PATIENTS likely to suffer the most from a debilitating form of arthritis could be fast-tracked early to try aggressive new treatments, after a breakthrough by scientists in Sheffield.
Researchers have identified a new protein known as C5orf30 which regulates the severity of tissue damage caused by rheumatoid arthritis (RA).
Following the discovery, published in scientific journal PNAS, RA patients most likely to suffer the severest effects of the condition can now be identified early and fast-tracked to the more aggressive treatments available.
The autoimmune disease causes inflammation, pain, stiffness and damage to the joints of the feet, hips, knees, and hands, and although there is no cure, new effective drugs are increasingly available to treat RA and prevent deformed joints.
The study, led by an international team of in-house University of Sheffield funded scientists and colleagues at University College Dublin, saw DNA and biopsy samples analysed from the joints of over 1,000 RA patients.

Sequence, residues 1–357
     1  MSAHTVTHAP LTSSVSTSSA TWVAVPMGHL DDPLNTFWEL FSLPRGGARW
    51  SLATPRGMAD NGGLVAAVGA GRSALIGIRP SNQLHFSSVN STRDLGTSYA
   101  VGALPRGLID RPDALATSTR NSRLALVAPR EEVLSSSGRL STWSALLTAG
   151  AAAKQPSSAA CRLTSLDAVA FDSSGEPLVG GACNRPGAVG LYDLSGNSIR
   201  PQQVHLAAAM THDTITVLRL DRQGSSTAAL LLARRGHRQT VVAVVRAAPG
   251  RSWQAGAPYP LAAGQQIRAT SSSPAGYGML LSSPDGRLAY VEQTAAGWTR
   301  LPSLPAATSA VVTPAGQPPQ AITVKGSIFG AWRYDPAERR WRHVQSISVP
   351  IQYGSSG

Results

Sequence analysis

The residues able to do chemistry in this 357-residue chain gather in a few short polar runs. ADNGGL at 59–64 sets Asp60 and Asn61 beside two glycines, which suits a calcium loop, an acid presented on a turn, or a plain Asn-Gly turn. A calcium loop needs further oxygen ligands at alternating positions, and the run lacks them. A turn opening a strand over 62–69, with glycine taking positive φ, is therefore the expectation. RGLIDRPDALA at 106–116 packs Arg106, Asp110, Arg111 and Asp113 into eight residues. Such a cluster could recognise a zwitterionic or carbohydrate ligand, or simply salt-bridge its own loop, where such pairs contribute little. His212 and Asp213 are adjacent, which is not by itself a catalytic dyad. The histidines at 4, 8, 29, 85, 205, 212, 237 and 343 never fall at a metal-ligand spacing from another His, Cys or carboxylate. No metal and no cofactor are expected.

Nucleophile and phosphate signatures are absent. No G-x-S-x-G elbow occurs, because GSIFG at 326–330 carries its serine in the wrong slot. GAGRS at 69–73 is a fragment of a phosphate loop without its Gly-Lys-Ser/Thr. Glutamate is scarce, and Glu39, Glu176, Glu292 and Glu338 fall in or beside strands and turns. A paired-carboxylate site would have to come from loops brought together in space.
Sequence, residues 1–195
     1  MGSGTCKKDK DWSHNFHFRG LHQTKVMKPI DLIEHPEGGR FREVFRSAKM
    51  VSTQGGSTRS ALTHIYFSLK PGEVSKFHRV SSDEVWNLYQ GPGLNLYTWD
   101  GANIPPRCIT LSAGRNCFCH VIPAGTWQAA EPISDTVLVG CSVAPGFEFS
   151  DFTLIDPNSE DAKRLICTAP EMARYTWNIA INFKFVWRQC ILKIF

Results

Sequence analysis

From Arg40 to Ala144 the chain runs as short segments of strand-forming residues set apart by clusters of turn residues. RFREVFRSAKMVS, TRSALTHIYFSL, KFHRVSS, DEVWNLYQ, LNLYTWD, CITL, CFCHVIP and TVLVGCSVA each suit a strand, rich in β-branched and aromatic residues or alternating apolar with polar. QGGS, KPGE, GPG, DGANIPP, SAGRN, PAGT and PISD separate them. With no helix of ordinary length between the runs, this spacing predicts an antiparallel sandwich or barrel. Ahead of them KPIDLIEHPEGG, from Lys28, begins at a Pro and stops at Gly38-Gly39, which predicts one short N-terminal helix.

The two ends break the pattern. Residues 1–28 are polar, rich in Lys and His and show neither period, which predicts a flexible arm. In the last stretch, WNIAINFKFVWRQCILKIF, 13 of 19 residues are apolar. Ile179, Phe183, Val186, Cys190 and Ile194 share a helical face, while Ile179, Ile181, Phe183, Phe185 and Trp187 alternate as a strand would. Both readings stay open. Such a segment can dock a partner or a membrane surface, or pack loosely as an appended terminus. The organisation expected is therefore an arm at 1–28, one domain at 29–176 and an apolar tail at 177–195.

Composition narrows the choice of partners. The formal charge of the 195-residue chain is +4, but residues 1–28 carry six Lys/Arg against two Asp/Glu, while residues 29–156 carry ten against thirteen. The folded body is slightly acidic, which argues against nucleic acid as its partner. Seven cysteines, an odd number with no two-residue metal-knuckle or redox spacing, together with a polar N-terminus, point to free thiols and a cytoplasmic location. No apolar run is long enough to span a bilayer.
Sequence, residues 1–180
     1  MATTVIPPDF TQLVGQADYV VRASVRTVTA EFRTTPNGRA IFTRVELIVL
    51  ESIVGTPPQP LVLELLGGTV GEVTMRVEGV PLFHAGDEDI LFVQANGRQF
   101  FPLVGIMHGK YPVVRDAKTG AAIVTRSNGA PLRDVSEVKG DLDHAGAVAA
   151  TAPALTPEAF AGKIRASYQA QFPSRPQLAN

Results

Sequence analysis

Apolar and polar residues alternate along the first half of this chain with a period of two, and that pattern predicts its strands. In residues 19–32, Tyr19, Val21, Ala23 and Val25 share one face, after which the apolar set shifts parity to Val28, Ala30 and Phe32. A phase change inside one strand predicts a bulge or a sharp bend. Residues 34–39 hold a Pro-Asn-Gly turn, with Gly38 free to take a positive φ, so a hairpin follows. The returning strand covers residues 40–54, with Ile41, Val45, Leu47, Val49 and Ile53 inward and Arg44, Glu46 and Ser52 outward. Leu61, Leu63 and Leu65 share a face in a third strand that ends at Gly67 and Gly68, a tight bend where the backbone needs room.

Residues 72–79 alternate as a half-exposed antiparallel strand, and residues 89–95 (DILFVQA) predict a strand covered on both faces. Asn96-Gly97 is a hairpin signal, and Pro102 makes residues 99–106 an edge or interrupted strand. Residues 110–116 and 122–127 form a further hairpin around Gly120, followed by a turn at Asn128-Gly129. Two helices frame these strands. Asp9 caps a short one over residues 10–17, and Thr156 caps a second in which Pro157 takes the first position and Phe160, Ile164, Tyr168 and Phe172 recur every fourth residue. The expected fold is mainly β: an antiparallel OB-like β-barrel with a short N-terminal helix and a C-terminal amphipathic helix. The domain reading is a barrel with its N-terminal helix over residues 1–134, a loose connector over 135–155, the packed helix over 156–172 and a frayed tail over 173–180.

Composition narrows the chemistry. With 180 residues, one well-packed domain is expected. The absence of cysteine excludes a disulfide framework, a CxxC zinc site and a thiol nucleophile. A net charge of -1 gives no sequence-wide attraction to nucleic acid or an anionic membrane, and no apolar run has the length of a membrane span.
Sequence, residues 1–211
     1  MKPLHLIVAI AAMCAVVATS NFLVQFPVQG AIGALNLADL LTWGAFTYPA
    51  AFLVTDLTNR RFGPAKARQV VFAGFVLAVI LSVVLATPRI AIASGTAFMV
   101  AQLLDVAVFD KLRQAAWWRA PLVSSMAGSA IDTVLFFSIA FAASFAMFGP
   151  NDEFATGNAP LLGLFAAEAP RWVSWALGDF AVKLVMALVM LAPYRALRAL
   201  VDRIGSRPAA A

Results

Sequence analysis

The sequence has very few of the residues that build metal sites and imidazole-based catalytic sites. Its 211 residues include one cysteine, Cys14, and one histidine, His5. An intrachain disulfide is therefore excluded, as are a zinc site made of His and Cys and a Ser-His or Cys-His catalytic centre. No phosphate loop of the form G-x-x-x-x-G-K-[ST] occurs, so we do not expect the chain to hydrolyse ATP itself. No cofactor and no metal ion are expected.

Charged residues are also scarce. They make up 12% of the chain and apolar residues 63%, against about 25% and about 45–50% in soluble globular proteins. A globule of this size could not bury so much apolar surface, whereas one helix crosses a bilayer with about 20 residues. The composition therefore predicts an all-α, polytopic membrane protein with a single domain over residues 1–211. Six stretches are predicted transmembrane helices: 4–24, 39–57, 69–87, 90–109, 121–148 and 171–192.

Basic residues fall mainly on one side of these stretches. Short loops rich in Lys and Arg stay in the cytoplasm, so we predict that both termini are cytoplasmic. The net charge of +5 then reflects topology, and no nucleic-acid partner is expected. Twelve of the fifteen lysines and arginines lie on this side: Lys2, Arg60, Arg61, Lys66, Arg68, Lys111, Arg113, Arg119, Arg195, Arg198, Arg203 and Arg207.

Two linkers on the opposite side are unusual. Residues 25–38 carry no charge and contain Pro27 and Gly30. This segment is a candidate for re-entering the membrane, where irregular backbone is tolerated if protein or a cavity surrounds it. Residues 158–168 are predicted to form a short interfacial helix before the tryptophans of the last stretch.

Gerry Wilson, honorary professor at Sheffield University who led the research, said: “Our findings provide a genetic marker that could be used to identify those RA patients who require more aggressive treatments or personalised medicine.
“They also point to the possibility that increasing the levels of C5orf30 in the joints might be a novel method of reducing tissue damage caused by RA.”
Dr Munitta Muthana, from the University’s Medical School who co-authored the study, added: “These exciting findings will prompt us to further explore the role of this highly conserved protein that we know so little about, and its significance in human health and disease.”
RA is the most common inflammatory type of arthritis.